D&O liability policies should contain a severability clause. A severability clause provides protection to innocent directors who have not been involved in misrepresentations or misconduct, committed by other directors, which could potentially remove coverage.

A broad severability provision is clearly advantageous to the directors. Most insurers in the market are now offering broad severability provisions that apply to both the proposal/application and relevant misconduct exclusions.

Consideration should also be given to whose knowledge will constitute the knowledge of the company. Most insurers are prepared to consider limiting such knowledge to a small number of top level executives.

7. Is the allocation provision appropriately worded?

Typically allocation will arise when a claim is made against a director and also the company or an unrelated third party and where certain of the allegations in a claim relate to matters with respect to which coverage is excluded. Insurers will insist on an allocation between covered and non covered claims and between covered and non covered parties. Accordingly, the policy will only respond to the defence and indemnity of covered claims and covered parties.

The allocation provision should clearly set out the manner in which the insured and insurer shall use their best efforts to determine a fair allocation of loss and that loss must be allocated based on the relative exposures and legal liability of the parties.

Allocation will arise in respect of defence costs and settlement costs (indemnity).

Some policies may contain predetermined allocation for defence costs. Allocation for settlements and judgments is not usually predetermined.

8. How are defence costs advanced?

Most policies in the market place offer to advance defence costs to the directors as the case progresses. Avoid policies that are silent or that clearly state that defence costs will be reimbursed once the claim is resolved.

Some policies in the marketplace even offer payment of the defence costs within a specific time period once the bills have been received.

It is important that the policy contains a provision which advances defence costs on a current basis.

9. What is the territory, choice of law and jurisdiction clause?

A director should be concerned that the policy territory should extend to all jurisdictions where the company's business may operate. Most US insurers are prepared to offer worldwide coverage.

It is also important for a director to identify what laws shall be applicable as to the construction and enforcement of the directors' and officers' liability policy. It is often standard practice for the laws of the country or state where the policy is issued to apply. However, in the United States alternatives may be the jurisdiction where the company is incorporated or has its principal place of business.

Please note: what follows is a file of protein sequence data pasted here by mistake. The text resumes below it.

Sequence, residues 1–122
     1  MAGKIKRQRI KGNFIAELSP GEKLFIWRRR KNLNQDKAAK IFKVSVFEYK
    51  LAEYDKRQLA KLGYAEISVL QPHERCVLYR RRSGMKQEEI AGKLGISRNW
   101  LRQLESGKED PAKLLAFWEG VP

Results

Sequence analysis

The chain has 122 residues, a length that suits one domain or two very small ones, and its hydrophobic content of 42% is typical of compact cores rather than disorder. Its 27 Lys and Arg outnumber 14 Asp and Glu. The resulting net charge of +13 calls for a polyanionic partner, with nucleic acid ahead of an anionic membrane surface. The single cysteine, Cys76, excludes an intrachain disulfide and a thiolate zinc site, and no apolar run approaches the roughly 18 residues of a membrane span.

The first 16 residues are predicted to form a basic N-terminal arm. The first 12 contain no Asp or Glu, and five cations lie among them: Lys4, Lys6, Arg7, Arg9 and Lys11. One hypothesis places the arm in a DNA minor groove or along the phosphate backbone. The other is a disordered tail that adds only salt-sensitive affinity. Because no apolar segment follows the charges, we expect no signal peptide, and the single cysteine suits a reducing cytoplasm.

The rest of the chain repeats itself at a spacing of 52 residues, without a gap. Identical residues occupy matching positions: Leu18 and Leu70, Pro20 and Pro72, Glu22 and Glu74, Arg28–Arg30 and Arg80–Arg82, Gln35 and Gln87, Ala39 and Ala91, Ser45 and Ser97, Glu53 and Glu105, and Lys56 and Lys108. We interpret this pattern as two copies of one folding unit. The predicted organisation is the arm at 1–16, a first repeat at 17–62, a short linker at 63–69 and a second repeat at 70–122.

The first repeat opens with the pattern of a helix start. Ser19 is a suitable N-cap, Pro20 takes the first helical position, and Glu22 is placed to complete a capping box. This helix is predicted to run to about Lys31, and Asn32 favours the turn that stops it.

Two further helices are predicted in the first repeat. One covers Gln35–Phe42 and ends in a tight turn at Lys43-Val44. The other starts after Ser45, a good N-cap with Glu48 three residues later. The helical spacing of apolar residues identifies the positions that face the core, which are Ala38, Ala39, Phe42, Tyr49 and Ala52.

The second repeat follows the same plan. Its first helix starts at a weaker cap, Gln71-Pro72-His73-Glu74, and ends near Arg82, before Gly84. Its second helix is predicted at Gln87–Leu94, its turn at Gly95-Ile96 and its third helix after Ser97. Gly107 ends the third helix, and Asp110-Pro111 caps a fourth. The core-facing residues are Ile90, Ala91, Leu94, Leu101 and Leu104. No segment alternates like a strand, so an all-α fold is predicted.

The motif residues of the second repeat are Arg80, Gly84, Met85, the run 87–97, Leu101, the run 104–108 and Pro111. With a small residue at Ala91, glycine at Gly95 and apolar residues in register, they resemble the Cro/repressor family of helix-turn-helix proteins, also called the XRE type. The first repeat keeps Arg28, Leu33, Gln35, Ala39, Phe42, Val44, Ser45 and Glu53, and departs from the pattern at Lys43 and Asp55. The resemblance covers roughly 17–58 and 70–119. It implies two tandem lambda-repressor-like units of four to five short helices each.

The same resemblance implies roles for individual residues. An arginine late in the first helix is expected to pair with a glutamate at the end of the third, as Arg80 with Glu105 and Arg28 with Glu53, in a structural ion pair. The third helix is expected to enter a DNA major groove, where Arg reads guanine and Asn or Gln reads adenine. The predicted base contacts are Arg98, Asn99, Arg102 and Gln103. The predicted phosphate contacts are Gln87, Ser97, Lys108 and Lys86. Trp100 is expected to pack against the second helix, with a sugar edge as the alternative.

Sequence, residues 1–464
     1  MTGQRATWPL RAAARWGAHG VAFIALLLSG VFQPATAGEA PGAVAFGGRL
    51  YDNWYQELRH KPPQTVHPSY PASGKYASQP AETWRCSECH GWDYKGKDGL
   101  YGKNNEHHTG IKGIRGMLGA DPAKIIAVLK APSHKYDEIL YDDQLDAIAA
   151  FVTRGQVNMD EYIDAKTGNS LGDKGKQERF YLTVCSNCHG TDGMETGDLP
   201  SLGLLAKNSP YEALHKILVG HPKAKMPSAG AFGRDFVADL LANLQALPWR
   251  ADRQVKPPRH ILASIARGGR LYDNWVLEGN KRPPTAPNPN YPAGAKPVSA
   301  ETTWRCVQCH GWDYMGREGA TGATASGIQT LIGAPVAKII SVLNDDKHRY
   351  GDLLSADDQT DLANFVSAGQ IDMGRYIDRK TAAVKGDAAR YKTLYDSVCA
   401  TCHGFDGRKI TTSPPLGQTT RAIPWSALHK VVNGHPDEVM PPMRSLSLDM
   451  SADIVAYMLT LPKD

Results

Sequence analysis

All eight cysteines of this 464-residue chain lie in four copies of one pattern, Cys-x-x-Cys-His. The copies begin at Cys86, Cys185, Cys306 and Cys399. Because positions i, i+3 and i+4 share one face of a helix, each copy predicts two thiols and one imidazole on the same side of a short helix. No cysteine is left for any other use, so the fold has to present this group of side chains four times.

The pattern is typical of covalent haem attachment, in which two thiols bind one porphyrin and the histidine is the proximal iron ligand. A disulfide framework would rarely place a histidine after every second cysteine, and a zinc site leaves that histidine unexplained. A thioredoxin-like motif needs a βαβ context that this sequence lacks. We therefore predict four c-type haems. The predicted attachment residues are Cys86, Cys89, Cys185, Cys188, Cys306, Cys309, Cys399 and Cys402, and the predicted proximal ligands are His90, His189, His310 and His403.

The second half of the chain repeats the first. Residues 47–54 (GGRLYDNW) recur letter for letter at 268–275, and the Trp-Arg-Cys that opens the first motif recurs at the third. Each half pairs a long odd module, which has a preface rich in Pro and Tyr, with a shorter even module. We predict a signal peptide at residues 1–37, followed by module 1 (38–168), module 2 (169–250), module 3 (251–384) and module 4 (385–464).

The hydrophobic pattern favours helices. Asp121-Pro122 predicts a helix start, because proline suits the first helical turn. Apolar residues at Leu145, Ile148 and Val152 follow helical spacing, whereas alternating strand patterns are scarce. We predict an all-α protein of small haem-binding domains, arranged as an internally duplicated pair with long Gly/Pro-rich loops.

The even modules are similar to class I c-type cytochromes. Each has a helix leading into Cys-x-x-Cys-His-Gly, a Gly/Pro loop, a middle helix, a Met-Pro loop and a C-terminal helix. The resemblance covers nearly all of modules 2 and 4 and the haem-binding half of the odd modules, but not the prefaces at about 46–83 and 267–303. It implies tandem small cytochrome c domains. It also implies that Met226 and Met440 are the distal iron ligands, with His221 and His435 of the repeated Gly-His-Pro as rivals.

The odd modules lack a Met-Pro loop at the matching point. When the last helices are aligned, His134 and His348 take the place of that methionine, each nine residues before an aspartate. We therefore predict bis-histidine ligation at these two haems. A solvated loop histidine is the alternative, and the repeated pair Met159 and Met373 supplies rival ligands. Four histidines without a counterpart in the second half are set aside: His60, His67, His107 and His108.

Some D&O policies may provide for coverage disputes to be addressed before an arbitrator. Arbitration may not be the most appropriate forum for a coverage dispute to be addressed.

10. What are suitable policy limits and deductible?

When determining the policy limits and calculating what policy limits may be adequate, including whether excess coverage may be warranted, you are trying to predict the types of claims that might arise against the directors of the company.

The analysis by the broker must take into account the organisation's size, its ownership structure, its business activities, its current investment activities and future investment strategy and the location of business operations. The analysis may also take into account the types of possible claims and the cost of defending such claims, as defence costs will erode the policy limits.

When determining the applicable deductible, the company should not retain a payment obligation greater than it can afford to pay without materially impacting earnings or cash flow. Consideration should also be given to potential claim frequency, as a fresh deductible applies to each unrelated claim. Deductibles in the market are trending downwards. Ask the broker for guidance on this point.

It should be noted that a higher deductible will reduce the premium charged by the insurer. In the case of a tower of insurance, the different options for structuring that tower should also be investigated to reduce premiums.

This is commentary published by Colin Biggers & Paisley for general information purposes only. This should not be relied on as specific advice. You should seek your own legal and other advice for any question, or for any specific situation or proposal, before making any final decision. The content also is subject to change. A person listed may not be admitted as a lawyer in all States and Territories. © Colin Biggers & Paisley, Australia 2024.